Atlanta to Delphi, Greece

May 30, 2015

Well, after much travel, no real adventures, but a lot of territory covered and time killed, we arrived in Greece!
We left Atlanta around 9:15 Thursday night, bound for Paris. An 8.5 hour flight with quite a bit of turbulence allowed a little bit (and I mean LITTLE) of sleep; the couple in the seats behind us singing “O Tannenbaum” (yes, I’m serious) did not help. But a bit of sleep, and we landed in Paris around 11:00 am. For the record, the Paris airport is not the easiest to navigate, but our hardy gang managed to get through alright, and find our departure gate, where we proceeded to kill the next six hours. Our attempt to buy a one-day pass to the Delta/Air France lounge was not successful, so it was shared space with the mass of humanity.
We boarded our next flight, and landed in Athens around 11:00 pm this time, and since we had passed into the EU in Paris, and had our passport stamped, all we had to do was collect luggage and meet our wonderful hostess Caterina. She and Niko, our driver, got us to the delightful Royal Olympic Hotel, right next to the Temple of Zeus, and we crashed after 1:00 am.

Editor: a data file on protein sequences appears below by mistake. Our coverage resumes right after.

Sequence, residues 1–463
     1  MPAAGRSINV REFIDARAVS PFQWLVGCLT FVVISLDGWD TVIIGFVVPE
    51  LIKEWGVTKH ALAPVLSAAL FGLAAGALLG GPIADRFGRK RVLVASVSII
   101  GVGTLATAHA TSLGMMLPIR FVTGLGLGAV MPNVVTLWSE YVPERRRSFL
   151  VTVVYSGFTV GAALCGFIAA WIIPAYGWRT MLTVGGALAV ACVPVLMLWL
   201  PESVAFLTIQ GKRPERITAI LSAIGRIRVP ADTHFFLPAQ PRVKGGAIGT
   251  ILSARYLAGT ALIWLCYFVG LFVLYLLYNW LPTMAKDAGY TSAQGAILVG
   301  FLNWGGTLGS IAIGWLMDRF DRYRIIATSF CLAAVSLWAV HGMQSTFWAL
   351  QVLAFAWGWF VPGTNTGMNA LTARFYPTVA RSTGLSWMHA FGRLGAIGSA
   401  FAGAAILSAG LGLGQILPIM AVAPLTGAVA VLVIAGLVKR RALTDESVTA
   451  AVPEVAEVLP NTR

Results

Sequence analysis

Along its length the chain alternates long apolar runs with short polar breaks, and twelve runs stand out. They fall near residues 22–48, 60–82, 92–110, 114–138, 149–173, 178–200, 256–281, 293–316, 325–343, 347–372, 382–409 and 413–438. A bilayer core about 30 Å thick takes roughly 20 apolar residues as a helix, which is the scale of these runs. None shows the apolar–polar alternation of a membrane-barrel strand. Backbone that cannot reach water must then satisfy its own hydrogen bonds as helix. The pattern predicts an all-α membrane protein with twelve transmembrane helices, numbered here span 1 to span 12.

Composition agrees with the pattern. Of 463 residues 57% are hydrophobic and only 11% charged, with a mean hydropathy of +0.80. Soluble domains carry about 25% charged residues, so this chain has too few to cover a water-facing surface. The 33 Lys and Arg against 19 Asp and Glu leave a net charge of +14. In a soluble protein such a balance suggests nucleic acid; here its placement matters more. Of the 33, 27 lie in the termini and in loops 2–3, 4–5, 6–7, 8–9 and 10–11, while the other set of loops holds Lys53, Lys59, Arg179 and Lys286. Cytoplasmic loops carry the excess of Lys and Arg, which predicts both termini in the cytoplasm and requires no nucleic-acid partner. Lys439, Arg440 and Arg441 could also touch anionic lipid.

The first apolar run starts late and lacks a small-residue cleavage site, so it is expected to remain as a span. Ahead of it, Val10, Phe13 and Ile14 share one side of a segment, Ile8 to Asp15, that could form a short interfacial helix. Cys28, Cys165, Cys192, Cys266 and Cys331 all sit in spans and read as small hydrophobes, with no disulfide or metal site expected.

Fortunately we slept in, ate a late breakfast, and met Maria, our guide for the Greek leg of our trip, and headed out midmorning. A lunch stop, followed by another stop for some majestic views and pictures, and we moved on to our stop for the night, Delphi.
Delphi is known to Greeks as the “center of the universe,” because this is where the Greek god Apollo chose for his temple. Fascinating archaeological ruins are here, that for years (centuries?) were buried under landslides and had homes built on top of them until they were discovered and unearthed. Interestingly, here (as in other locations around the country), people would come to ask a question of the oracle, a woman kept in a trance and under the spell of “vapors” (since discovered to be underground streams heated by volcanic heat, now dormant), who would usually give a vague, ambiguous answer to your question. But people, desperate for direction, would travel to see the oracle, make lavish gifts, and produce a sacrifice, in the hopes of hearing direction.
Tomorrow we will visit the monasteries at Meteora, where (I hope) clearer answers to the questions of life are found!
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